Please Don’t Touch My Kid’s Hair

By Puja K McClymont, a london parent who runs a mindful life coaching
practice called Frankly Coaching and wishes more people would mind her son’s hair

As city dwellers, there are many ties that bind. The lack of physical space, the frenetic but palpable energy, the never-ending list of fun things to do, the abundance of over-priced coffee shops and the big adios to personal space. And there is no greater platform than which to witness the lack of personal space than a city commute. Be it a bus, a shared ride, the subway, train or just a walk down a busy avenue at prime time, the city commute can make even the most claustrophobic lover one giant claustrophobe.

Before I had kids the biggest annoyance to a crowded tube journey was someone’s elbow in my back, the fact I had to stand or a hand resting uncomfortably on my bag. Now that I have my son, it’s something much worse: complete strangers touch his hair.

Huh? Yes, you read that right. People touch my son’s hair all the time whether on a crowded London commute, in the park, at the supermarket, even at nursery - the hair touchers come out to play.

This is what usually happens:

Stranger: “OMG your son is so cute, his hair is amazing!”

Me: “Ah, thank you that’s very nice of… [STRANGER TOUCHES HIS HAIR]

Let me back up a little here and give you some context. My kid is of mixed heritage as I am Indian and my husband is Jamaican. Our son is a very cute (OK I know I’m his mom but he is THAT cute) product of our relationship and he happens to have the most gorgeous curls which we left natural in all their glory.

BIG Hair Don’t care! But Puja did care when strangers on the Tube touched her son’s hair all the time.

BIG Hair Don’t care! But Puja did care when strangers on the Tube touched her son’s hair all the time.

But we recently cut his curls off. And I hate that we felt like we had too.

The decision to cut his hair was two fold: maintaining them was a lot of work for me but if I’m being totally honest, I actually was getting anxious that I might just punch the next person in the face if they touched his hair.

You see, my child’s hair means different things to different people. For us (his parents) it’s a definer of his personality, his strength...his whole being. He was the tiniest yet loudest baby in the NICU ward -born at 30 weeks - with a beautiful head of hair that was constantly complimented during our hospital stay so his curls quite literally represent life to me.

As he has grown into himself, his ‘crazy Sideshow Bob’ hair (this is what we’d call it because some days it really had a mind of its own!) was a defining part of his beauty. For our son to be so confident (and cute) about his hair almost felt like a step in breaking stereotypes and changing the conversation of beauty among our races.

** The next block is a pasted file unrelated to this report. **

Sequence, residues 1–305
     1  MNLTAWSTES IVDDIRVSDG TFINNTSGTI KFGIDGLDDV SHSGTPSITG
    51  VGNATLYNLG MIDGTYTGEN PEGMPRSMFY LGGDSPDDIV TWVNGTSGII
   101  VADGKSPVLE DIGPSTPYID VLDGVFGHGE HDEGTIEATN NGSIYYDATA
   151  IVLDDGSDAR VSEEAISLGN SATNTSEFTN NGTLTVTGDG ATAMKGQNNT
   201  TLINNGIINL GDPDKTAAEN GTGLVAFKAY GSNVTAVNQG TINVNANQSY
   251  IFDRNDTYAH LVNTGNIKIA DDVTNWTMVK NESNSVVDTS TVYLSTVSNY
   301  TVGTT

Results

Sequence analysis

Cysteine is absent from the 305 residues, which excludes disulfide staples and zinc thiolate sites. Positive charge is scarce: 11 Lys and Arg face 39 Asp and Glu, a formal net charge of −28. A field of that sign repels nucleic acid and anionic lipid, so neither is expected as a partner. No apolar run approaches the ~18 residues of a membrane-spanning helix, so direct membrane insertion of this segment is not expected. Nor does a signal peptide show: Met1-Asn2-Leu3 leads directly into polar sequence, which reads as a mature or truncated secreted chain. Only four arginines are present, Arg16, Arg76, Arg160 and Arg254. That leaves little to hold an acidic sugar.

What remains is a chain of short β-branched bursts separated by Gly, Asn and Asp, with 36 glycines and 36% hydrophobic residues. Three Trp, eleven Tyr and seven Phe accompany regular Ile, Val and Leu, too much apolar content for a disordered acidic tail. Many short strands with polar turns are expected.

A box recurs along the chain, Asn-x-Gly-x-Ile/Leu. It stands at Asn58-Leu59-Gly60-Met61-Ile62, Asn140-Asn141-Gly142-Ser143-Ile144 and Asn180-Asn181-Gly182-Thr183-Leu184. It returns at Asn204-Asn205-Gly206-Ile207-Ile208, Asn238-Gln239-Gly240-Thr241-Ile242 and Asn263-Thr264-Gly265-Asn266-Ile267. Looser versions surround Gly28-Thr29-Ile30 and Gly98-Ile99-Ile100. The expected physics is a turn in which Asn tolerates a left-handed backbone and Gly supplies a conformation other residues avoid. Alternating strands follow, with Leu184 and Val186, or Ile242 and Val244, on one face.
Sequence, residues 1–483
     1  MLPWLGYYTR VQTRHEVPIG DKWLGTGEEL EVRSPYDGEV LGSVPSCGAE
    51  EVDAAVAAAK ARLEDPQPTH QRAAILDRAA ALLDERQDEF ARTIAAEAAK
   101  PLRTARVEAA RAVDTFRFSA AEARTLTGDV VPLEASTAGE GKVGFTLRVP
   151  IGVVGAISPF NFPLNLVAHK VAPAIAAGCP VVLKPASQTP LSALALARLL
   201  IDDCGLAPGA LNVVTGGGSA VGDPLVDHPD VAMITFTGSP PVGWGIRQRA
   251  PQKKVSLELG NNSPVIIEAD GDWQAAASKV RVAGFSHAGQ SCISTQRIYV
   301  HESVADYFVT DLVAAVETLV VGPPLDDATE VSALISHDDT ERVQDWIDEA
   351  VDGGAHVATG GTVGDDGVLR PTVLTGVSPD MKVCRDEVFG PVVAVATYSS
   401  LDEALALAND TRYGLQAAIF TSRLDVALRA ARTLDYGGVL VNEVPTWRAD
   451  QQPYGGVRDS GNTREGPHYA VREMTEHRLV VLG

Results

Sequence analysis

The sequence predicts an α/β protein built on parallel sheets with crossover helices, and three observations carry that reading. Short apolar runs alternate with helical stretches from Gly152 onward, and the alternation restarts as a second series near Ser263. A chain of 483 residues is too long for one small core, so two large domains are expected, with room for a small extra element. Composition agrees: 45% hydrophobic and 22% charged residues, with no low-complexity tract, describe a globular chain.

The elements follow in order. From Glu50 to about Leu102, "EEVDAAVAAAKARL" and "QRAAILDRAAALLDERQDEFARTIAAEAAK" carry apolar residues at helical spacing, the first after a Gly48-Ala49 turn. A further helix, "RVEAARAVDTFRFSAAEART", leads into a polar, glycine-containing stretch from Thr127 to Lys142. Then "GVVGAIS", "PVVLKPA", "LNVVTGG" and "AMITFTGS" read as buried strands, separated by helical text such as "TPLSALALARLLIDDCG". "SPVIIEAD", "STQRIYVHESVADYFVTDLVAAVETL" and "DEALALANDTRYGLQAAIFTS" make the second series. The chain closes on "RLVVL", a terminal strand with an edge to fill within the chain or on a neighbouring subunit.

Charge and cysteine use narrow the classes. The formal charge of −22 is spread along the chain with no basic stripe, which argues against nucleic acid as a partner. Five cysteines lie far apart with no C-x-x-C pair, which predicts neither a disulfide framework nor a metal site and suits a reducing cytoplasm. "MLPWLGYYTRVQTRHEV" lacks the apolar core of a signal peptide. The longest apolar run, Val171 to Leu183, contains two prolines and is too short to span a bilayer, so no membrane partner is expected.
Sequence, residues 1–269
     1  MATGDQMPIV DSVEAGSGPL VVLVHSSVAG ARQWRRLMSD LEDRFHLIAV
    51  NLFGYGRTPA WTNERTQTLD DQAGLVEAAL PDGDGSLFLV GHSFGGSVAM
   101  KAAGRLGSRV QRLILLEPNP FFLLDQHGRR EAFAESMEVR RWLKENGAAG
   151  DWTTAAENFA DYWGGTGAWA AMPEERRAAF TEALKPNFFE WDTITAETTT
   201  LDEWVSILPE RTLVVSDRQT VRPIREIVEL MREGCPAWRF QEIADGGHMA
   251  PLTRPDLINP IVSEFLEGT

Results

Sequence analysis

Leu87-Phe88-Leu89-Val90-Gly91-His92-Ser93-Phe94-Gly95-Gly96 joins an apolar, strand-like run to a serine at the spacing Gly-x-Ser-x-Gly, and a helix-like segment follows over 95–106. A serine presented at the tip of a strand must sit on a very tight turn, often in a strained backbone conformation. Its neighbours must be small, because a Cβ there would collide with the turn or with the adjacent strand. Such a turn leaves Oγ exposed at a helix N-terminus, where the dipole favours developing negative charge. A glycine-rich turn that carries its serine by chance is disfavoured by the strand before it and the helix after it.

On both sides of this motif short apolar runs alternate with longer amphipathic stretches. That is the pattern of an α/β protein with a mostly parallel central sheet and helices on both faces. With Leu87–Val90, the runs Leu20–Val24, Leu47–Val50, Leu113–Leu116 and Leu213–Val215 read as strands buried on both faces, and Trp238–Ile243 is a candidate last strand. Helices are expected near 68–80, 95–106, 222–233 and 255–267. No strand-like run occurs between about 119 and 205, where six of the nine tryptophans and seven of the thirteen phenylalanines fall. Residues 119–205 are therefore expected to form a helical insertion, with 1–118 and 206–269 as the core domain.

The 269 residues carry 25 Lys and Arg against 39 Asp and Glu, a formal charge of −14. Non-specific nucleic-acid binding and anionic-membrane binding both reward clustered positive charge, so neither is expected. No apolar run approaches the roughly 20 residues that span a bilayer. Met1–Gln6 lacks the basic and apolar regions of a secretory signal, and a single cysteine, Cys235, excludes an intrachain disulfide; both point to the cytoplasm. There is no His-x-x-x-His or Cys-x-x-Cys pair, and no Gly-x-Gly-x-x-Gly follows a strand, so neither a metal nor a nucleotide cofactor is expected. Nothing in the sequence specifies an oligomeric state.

citykin puja chopped hair

Because when I was growing up the kids who were told they had beautiful hair all had straight locks...not wild curls.

As well as the usual challenges he’s going to face just being a human, he’s got the added attention of his race. In the Indian culture, it’s not typical to be with an Afro-Caribbean person -like my husband. I choose to be with my husband despite my culture’s narrow ideas on race because I was raised to accept everyone (even though ironically when it came down to my choice of life partner, my mum had other opinions.) However, we are through the worst of this which you can read about in this article if you want to learn more about race stigma within the Asian community. Getting back to the point, my son will unfortunately face an array of race stigmas from both his backgrounds, from society at large and the rest of the world.  

So yes touching anyone’s hair without permission is just not OK but touching my child’s hair has different connotations.

To the stranger who is transfixed by my son’s hair:

And then touches it.

You’re touching my child.

Yes, you’re touching my child.

You are violating my son right in front of me.

You are singling him out because of his hair.

You are drawing unnecessary attention to him because of his hair.

You are contributing to racial templates that he will now form.

You are ensuring I have to overly praise his hair to prevent him from getting a complex (however, this won’t work)

So I might have to send him to therapy and his insecurities about his hair comes out by hating on his parents.

You are socially unaware - I suggest you see someone about that.

You give me permission to touch you?!

Which brings me back to a (potentially polarizing) tactic I enacted before chopping my son’s locks. If someone touches my son’s hair, I touch theirs back.  Granted, this is met with nervous laughter but it’s amazing how if you touch their hair back, how quickly they realize how unacceptable it is what they just did. And in that moment my son (through me)  has won a bit through delivering self awareness.

We live in a time where cities are incredible melting pots of diverse cultures with an array of culinary, culture and international fashions. Cities are an exciting and vibrant place to raise children. However, with the ever-increasing popularity of racism today, it’s essential that we as the minority in these Western societies, speak out and speak out loud when things are not ok with us. It is imperative that we change the conversation, we change stereotypes and that we stand proud of our heritage and everything that comes from it including (but not limited to) hair.

Mykah, stands loud and proud with his gorgeous head of hair.

Mykah, stands loud and proud with his gorgeous head of hair.